Gregor Paul is the Herald on Sunday's rugby writer

All Blacks: Lineout soars to new heights

Sam Whitelock is establishing himself as one of the world's premier lineout forwards.  Photo / Getty Images
Sam Whitelock is establishing himself as one of the world's premier lineout forwards. Photo / Getty Images

There was a time when it was best not to mention the All Blacks lineout around Steve Hansen. In 2009, it was a sick-looking thing, an almost contagious element of the All Blacks that infected all those who went near it.

There was no safety to be found on the touchline; the All Black throw was a free-for-all back then - an outrageously generous present to opposition teams. South Africa in particular probably built more of their attacking game off defensive rather than offensive lineouts.

Throwing, jumping, lifting, catching - there were faults in all elements. The whole process of ball going out to ball being secured took an age and France, England, South Africa, Australia and even Scotland were significantly better aerial teams than New Zealand.

Much has changed in the intervening four years. Hansen, while nearly spat into coaching oblivion through the transition, stripped the lineout bare at the end of 2009 and began a total rebuild. By 2011, the All Blacks were one of the best, statistically at least, lineout operators in the world game.

Last year, they improved their completion rate and, more importantly, improved the quality of their possession.

Yet for all that they are greatly improved, their reputation hasn't made similar advancements. Everyone knows they have a scrum to fear, that they can be lethal at the breakdown and they have no peer in terms of general awareness and speed of movement when attacking from loose ball.

But lineout? Nope, not scary and in truth, even if they are labouring under a misapprehension, world rugby's leading sides probably see the All Blacks as vulnerable there.

Hansen's keen on changing the perception and, for the first time in his All Black tenure, the All Blacks have the personnel to dominate the touchline. They have tall timber in Sam Whitelock, Brodie Retallick and the yet to be selected Dominic Bird who will be hopeful of securing a place on the end of year tour.

At 2.02m, Whitelock is the little man, one centimetre shorter than Retallick who is dwarfed by the 2.06m Bird.

Whitelock, in his work with the Crusaders this year, is establishing himself as one of the world's premier lineout forwards. His athleticism is not yet matched by his certainty that he belongs at the highest level. Retallick is a freakishly fast developer and has sucked in every piece of information that has come his way, while Bird could end up off the scale given his immediate advantage of being half a head taller than any other lock.

Luke Romano, despite being comparatively short at 1.98m, uses his frame and timing to great effect.

That's what is encouraging Hansen to believe he and forwards coach Mike Cron can take the All Blacks to the World Cup as a genuinely fearsome lineout side; they not only have the players, they also now have the knowledge and understanding of this once troubled part of their game.

"Our lineout, from a height point of view, is very, very good," says Hansen. "I think they [the four locks] are complemented too by Reado [Kieran Read] and Steve Luatua when he gets out there - big, big loose forwards as well.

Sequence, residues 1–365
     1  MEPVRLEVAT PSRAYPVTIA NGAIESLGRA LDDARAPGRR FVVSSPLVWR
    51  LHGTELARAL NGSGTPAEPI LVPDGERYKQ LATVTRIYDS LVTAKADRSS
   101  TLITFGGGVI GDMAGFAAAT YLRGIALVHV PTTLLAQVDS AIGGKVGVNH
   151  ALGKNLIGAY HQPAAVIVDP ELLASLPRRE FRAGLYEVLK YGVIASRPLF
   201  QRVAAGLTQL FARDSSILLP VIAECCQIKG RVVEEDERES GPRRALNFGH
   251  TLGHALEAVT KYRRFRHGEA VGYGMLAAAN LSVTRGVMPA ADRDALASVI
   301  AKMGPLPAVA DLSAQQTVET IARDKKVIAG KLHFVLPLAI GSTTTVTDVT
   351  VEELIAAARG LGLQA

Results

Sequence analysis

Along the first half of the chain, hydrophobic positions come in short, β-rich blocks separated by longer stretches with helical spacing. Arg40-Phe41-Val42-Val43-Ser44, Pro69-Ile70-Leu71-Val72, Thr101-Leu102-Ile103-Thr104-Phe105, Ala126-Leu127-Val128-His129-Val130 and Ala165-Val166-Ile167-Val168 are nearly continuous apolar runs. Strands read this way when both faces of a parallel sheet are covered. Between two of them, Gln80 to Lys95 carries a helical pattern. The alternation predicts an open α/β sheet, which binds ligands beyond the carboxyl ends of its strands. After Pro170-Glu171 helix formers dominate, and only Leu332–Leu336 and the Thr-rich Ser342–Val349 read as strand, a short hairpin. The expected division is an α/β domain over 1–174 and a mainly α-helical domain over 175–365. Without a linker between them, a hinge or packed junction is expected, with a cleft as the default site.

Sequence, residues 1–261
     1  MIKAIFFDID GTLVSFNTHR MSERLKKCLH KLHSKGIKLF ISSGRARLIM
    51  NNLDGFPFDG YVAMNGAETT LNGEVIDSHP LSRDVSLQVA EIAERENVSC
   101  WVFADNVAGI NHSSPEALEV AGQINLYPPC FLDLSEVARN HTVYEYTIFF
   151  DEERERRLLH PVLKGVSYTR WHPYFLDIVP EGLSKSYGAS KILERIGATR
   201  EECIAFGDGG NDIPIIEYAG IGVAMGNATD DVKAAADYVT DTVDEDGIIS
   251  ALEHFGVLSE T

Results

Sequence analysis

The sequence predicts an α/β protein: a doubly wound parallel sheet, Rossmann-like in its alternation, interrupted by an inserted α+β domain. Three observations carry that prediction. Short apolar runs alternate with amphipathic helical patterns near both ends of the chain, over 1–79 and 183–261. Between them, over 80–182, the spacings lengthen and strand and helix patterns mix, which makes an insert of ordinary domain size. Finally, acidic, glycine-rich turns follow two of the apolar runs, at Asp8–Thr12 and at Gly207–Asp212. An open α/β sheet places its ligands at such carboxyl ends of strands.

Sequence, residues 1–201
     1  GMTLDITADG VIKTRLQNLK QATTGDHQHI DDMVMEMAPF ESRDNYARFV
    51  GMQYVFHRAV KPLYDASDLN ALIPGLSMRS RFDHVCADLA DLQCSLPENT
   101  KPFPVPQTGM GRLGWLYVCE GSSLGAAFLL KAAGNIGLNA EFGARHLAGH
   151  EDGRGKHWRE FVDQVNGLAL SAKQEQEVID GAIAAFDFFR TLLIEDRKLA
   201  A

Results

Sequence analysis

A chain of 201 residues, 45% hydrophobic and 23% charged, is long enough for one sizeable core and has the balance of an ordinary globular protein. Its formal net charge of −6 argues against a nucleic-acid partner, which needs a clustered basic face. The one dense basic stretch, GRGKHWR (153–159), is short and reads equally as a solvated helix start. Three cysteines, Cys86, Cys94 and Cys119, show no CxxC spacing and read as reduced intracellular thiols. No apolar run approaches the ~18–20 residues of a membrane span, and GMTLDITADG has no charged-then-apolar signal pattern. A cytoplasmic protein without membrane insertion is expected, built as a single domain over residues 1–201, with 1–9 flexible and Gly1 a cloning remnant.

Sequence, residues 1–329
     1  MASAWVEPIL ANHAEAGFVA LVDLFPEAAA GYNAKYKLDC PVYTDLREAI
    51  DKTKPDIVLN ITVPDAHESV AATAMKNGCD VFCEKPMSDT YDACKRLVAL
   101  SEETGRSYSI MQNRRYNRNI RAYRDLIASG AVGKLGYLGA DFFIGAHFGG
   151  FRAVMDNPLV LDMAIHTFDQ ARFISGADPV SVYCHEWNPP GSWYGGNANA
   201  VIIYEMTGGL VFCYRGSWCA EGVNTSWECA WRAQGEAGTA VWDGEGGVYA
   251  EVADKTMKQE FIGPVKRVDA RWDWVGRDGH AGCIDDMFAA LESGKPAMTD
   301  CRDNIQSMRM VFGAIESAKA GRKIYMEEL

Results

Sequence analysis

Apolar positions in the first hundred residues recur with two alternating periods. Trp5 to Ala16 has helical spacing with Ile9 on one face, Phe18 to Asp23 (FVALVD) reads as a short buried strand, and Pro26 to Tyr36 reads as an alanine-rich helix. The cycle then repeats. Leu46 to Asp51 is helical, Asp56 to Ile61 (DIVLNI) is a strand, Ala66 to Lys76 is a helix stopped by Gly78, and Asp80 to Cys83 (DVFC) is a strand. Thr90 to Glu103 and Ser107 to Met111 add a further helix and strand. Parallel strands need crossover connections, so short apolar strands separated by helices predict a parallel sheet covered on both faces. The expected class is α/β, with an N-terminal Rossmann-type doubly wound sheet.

"In 2009, we changed our structure. We changed our basic skills. We had a lot of guys double jumping. We were really slow in the air. Our lifting technique was poor and, when you are changing things, it takes time.

"In World Cup year, we were averaging high 80 per cent from our lineout returns, which was one of the best in the world.

"Last year, we were the leading lineout in the Southern Hemisphere - we were averaging in the 90s. Not only winning ball at 90 per cent but top quality ball on top of that.

"In the first test [against France], we were down in the 70s and that is not good enough. That's not where we expect to be but when we went through the clips, there were some obvious flaws in what we are doing and we have crept back into some old habits.

"I think it is just human nature: if you look at golfers and their swing ... little things creep in. It is no one's fault, it is just what happens, and I think that is what has happened with some of our lineout skills. So we have had an emphasis on getting back to our explosive jumping; getting our lifters on and speeding the whole thing up and I am positive we will get a big improvement."

Building the perception of aerial excellence is an important part of the World Cup plan. It is low-hanging fruit: an area where, by and large, the All Blacks are in control of the outcome when they throw. The psychological edge they gain by having every part of their core crafts under control, would be significant.

Imagine facing an All Black side that was considered destructive at scrums, flawless at lineout, ruthless at the breakdown and impeccable at collecting restarts? Hansen has imagined that very prospect and knows that building genuine expertise in each is achievable.

"If you can get your set piece right - and if you include your re-starts in that and let's chuck the breakdown in there as well - then you have got four areas where you can dominate games. You have to have a platform to build anything on. It goes back to your tight five and loose forwards doing their jobs well and it is the old, old cliché of winning games up front."

- Herald on Sunday

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